The News Courier in Athens, Alabama

Community News Network

March 15, 2013

Mars was habitable, but no sign of inhabitants

By drilling into Mars for the first time and analyzing a martian rock in unprecedented detail, Curiosity team members have shown that eons ago, microorganisms could have lived on Mars. At a spot on the floor of Gale crater-the site the rover has been studying since landing on Mars last August -- there was mud long-wetted by benign waters, a ready supply of the essential elements of life as we know it, and energy enough to power life. The search for the remains of ancient life was not so lucky.

Curiosity found "all the things we were really hoping for in a habitable environment," said Michael Meyer, lead scientist for NASA's Mars Exploration Program at headquarters in Washington. Curiosity project scientist John Grotzinger of the California Institute of Technology in Pasadena made it a bit more personal: "We have found a habitable environment so benign that if you were on the planet when water was around, you would have been able to drink it."

The news of certain martian habitability came Tuesday at a Curiosity press conference at NASA headquarters. Orbiting spacecraft had imaged lots of places where early in Mars history there was plenty of water-river channels and crater lakes for sure, maybe even an ocean-and some of those once-watery locales even had signs of clay. Rock turns into clay only after long exposure to water of more or less neutral pH. In fact, the Opportunity rover is still roaming across a plain of once water-soaked rock. But it turned out to be rotted by highly acidic brine-not a nice place for life.

The sediment that formed the rock outcrop drilled by Curiosity proved to have been far more hospitable, Curiosity team members reported at the press conference. For starters, geologists say that it could have been mud on the floor of a lake nestled on the crater floor 3 billion years or more ago, about the time fossil life first appeared on Earth. Curiosity's Chemistry and Mineralogy x-ray instrument showed that the rock is 20% to 30% clay. And the Sample Analysis at Mars (SAM) instrument package detected no chemical signs of high acidity or brines. Concentrated brines can suck the water out of any microbes.

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  • Why a see-through mouse is a big deal for scientists

    A group of Caltech researchers announced in Cell Thursday their success in making an entire organism transparent. Unfortunately, this isn't any kind of "Invisible Man" scenario: The organism in question is a mouse, and the mouse in question is quite dead.

    July 31, 2014

  • Screen Shot 2014-07-31 at 2.12.55 PM.png VIDEO: Five-year-old doesn't want her brother to grow up

    Sadie, an adorable 5-year-old from Phoenix, wants her brother to stay young forever, so much so that her emotional reaction to the thought of him getting older has drawn more than 10 million views on YouTube.

    July 31, 2014 1 Photo

  • lockport-police.jpg Police department turns to Facebook for guidance on use of 'negro'

    What seems to be a data entry mistake by a small town police department in western New York has turned into a social media firestorm centered around the word "negro" and whether it's acceptable to use in modern society.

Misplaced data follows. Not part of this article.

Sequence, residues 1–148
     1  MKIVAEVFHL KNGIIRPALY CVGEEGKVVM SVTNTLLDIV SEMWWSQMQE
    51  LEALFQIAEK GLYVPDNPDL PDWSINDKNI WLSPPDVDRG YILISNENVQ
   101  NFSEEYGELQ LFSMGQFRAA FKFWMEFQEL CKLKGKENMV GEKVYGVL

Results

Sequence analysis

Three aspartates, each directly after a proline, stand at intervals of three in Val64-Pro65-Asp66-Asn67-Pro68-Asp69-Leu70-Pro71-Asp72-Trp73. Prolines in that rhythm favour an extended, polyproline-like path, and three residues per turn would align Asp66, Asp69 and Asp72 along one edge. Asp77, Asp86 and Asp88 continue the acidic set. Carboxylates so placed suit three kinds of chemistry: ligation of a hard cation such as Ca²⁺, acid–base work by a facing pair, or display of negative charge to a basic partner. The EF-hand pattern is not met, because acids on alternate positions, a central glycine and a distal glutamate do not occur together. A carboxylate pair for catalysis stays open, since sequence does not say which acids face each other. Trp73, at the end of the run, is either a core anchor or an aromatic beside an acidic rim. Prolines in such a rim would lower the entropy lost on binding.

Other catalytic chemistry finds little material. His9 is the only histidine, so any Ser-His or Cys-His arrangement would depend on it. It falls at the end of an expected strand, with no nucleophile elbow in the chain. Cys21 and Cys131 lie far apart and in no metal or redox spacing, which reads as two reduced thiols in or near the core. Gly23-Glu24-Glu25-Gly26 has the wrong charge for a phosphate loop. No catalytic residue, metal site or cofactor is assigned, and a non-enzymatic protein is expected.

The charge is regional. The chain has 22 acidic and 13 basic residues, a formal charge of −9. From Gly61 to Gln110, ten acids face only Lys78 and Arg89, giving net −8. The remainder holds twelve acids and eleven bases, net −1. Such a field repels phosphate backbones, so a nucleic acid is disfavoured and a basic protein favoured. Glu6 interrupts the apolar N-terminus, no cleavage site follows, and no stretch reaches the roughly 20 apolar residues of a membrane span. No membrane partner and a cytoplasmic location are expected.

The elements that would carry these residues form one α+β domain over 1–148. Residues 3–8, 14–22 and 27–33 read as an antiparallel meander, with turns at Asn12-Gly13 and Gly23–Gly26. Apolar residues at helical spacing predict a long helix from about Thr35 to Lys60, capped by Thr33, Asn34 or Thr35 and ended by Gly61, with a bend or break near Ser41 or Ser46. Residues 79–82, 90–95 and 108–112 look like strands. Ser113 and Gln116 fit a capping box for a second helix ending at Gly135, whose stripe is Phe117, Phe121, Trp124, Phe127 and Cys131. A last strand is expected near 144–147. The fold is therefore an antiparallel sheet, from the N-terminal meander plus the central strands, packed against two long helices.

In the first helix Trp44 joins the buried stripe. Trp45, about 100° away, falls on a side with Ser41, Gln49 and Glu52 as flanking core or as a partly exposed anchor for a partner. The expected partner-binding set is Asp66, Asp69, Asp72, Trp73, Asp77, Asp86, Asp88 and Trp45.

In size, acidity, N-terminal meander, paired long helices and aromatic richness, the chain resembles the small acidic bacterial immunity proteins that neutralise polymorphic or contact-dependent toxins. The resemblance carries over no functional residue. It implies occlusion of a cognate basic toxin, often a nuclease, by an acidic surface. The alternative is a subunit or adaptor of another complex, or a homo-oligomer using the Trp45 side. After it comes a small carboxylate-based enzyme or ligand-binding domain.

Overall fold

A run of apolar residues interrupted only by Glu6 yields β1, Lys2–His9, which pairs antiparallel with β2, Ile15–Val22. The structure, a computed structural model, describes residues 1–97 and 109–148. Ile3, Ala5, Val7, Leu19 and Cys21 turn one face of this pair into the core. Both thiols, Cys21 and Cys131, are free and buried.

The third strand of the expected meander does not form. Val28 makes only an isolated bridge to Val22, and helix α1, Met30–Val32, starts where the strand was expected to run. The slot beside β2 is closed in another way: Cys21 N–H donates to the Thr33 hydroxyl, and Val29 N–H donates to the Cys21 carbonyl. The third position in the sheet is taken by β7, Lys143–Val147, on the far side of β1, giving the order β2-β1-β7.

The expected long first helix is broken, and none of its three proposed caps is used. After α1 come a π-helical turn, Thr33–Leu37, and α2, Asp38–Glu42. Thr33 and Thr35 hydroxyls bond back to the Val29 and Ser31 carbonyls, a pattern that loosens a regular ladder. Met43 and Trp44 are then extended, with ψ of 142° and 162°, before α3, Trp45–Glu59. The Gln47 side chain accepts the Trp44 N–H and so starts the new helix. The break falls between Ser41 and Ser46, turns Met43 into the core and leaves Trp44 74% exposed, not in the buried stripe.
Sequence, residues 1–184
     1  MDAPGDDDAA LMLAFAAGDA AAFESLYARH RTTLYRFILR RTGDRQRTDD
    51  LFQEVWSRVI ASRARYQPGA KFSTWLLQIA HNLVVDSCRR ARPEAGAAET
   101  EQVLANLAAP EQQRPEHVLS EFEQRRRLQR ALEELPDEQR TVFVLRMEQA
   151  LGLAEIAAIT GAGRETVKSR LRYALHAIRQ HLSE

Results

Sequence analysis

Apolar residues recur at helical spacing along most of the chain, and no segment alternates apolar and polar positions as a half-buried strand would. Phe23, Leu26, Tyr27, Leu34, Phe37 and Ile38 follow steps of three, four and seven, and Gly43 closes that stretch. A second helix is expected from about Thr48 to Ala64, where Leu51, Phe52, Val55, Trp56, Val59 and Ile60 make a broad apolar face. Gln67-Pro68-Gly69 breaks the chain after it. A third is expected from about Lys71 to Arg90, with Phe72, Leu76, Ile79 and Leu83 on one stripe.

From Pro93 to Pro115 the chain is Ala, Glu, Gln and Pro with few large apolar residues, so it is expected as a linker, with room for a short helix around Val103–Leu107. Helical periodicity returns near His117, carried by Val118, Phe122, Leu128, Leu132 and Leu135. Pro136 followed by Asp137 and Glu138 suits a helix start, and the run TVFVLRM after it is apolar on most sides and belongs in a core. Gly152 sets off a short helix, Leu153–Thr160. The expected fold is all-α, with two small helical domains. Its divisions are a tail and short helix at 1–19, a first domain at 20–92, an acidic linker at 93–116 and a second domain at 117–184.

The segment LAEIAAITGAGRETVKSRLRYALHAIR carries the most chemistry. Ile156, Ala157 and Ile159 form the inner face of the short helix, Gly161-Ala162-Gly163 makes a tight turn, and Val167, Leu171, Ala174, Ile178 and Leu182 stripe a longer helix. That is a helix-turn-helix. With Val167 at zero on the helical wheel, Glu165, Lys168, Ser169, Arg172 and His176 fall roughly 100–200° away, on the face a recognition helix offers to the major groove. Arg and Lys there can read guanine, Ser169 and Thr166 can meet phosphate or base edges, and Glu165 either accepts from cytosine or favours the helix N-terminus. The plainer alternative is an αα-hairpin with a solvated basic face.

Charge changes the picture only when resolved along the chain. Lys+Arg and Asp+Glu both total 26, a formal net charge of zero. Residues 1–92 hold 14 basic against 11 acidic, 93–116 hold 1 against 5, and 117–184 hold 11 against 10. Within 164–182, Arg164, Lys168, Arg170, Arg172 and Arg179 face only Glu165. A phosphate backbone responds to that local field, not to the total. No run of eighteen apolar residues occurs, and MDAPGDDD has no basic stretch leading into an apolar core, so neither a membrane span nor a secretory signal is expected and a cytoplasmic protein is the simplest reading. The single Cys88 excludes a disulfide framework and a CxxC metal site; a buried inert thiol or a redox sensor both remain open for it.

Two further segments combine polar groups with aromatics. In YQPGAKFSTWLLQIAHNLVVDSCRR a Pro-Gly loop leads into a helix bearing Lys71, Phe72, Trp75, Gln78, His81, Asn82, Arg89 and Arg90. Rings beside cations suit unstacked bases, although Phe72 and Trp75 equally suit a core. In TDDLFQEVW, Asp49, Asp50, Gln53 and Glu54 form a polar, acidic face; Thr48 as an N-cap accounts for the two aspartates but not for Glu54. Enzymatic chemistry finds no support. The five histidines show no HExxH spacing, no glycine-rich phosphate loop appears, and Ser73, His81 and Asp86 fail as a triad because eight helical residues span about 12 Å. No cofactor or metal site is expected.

July 31, 2014 3 Photos

  • The virtues of lying

    Two computational scientists set out recently to simulate the effects of lying in a virtual human population. Their results, published in the Proceedings of the Royal Society B, show that lying is essential for the growth of a cohesive social network.

    July 31, 2014

  • Sunburn isn't the only sign of summer that can leave you itchy and blistered

    You've got a rash. You quickly rule out the usual suspects: You haven't been gardening or hiking or even picnicking, so it's probably not a plant irritant such as poison ivy or wild parsnip; likewise, it's probably not chiggers or ticks carrying Lyme disease; and you haven't been swimming in a pond, which can harbor the parasite that causes swimmer's itch.

    July 30, 2014

  • Survey results in legislation to battle sexual assault on campus

    Missouri U.S. Sen. Claire McCaskill joined a bipartisan group of senators Wednesday to announce legislation that aims to reduce the number of sexual assaults on college campuses.

    July 30, 2014

  • An alarming threat to airlines that no one's talking about

    It's been an abysmal year for the flying public. Planes have crashed in bad weather, disappeared over the Indian Ocean and tragically crossed paths with anti-aircraft missiles over Ukraine.

    July 30, 2014

  • Sharknado.jpg Sharknado 2 set to attack viewers tonight

    In the face of another "Sharknado" TV movie (the even-more-inane "Sharknado 2: The Second One," premiering Wednesday night on Syfy), there isn't much for a critic to say except to echo what the characters themselves so frequently scream when confronted by a great white shark spinning toward them in a funnel cloud:
    "LOOK OUT!!"

    July 30, 2014 1 Photo

  • 20140729-AMX-GIVHAN292.jpg Spanx stretches into new territory with jeans, but promised magic is elusive

    The Spanx empire of stomach-flattening, thigh-slimming, jiggle-reducing foundation garments has expanded to include what the brand promises is the mother of all body-shaping miracles: Spanx jeans.

    July 29, 2014 1 Photo

  • Medical marijuana opponents' most powerful argument is at odds with a mountain of research

    Opponents of marijuana legalization are rapidly losing the battle for hearts and minds. Simply put, the public understands that however you measure the consequences of marijuana use, the drug is significantly less harmful to users and society than tobacco or alcohol.

    July 29, 2014

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